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Chapter 1

Katharina Martens

Lendelmolen, Flanders

It had been two months now. Two months since my eyes had betrayed me. The darkness had come upon me so gradually that there had been no fear, no panic. Even now I could still discern shapes and colors. Though the details and textures of my lace were lost to me, my fingers told me what my eyes refused to convey.

I had spun an endless pattern of roses and leaves intertwined, bordered by a path of scrollwork. Every day I had lingered between those blossoms and lost myself in the maze of those scrolls. Every day for over three years. It took time to fashion a lace as long and as fine as this one.

I wriggled my toes within my clogs. At least I thought I did. I could no longer feel them. They had gone numb from autumn's chill. I shifted on the bench, hoping it would bring some life back into them. If not, they would waken with a tingling in the time it took to walk from the workshop to the chapel. By the time I finished with prayers, they would be well again. In winter it was worse. They woke from their sleep with a hot, dull ache.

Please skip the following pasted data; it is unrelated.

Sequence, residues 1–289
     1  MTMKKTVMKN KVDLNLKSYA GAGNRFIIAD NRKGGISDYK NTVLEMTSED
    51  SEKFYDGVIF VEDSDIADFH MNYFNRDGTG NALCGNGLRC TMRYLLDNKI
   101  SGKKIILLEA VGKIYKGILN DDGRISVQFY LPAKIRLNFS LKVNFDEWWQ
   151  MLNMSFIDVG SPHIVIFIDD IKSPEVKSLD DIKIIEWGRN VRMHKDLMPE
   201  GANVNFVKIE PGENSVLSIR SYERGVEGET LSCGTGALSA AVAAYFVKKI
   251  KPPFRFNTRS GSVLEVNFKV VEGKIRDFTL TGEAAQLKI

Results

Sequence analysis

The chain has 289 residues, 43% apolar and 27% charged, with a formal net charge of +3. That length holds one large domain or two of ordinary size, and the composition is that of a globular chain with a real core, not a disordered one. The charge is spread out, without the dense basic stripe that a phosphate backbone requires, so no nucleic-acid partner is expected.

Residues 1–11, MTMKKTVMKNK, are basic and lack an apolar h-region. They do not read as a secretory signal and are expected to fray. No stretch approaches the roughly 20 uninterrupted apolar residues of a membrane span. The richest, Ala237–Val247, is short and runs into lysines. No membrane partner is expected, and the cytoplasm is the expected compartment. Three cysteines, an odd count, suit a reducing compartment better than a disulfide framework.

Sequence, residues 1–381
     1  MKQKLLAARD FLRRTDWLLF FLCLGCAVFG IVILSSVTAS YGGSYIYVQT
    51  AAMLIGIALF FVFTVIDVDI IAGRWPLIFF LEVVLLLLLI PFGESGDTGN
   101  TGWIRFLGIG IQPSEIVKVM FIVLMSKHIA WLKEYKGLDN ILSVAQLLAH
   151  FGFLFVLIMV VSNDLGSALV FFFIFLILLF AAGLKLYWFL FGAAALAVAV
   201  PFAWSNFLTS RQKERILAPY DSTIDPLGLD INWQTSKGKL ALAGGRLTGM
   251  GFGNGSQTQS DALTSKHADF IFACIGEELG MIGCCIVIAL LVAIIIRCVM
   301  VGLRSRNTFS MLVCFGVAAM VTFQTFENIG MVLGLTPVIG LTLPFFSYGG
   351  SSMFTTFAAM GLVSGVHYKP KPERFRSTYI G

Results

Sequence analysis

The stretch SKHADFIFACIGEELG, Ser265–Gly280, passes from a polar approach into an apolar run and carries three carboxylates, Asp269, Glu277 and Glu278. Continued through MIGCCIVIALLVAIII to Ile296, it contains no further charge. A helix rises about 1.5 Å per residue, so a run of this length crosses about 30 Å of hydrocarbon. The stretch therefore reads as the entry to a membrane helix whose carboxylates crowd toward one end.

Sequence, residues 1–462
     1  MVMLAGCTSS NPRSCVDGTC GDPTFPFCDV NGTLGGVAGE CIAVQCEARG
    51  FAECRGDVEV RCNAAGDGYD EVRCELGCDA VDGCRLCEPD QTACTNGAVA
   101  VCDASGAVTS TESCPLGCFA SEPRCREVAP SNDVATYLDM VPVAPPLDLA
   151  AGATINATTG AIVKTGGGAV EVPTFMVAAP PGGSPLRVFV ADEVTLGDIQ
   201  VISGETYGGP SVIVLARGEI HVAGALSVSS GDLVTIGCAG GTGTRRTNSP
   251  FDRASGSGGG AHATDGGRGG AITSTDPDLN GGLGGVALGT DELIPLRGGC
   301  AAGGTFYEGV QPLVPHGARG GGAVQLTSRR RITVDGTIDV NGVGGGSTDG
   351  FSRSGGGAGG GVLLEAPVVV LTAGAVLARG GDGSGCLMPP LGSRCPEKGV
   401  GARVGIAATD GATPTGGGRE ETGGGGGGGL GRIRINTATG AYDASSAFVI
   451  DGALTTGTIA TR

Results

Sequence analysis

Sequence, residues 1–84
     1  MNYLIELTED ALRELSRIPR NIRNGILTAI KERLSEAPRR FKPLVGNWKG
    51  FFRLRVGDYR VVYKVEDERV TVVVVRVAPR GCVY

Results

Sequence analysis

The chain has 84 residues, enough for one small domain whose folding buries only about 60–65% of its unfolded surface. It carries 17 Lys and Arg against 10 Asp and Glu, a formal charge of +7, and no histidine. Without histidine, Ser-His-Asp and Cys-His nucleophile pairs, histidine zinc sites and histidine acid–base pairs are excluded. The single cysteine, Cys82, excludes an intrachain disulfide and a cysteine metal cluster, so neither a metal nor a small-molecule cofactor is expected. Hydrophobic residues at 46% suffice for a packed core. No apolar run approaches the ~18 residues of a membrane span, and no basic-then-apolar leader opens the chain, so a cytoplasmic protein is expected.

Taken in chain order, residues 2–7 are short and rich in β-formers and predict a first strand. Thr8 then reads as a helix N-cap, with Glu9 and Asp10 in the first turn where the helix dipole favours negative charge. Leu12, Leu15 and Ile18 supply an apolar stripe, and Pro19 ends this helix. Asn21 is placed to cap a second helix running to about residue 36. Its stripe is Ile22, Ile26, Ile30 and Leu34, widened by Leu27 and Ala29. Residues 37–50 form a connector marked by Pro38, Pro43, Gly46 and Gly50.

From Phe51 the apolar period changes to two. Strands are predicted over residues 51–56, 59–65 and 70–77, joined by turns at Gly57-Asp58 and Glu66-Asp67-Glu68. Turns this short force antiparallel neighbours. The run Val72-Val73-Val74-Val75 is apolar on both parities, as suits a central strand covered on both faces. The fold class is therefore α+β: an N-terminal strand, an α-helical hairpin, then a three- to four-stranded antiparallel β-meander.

I had cycled through the years in much the same way I cycled through my bobbins and my pattern. One season, one set of bobbins, one rose after the other, and in the end, I found myself back at the beginning. As a child, cast upon the good graces of the abbey, I had been a fumbling novice at my craft. But now I was a skilled lace maker.

Lace is created from thread. Threads. Many of them. Twisted and crossed, looped and whorled, knotted and woven. But lace is formed from the absence of substance; it is imagined in the spaces between the threads. Lace is a thing like hope. It lived, it survived, and it was desired for what it was not. If faith, as the nuns said, was the substance of things hoped for, then lace was the outline-the suggestion-of things not seen.

Lace was my life. My solace. It was lace that gave my life meaning. And in the working out of my intricate patterns, I had also worked out my salvation. Twenty-five years I had been making lace. Twenty-five blessed years.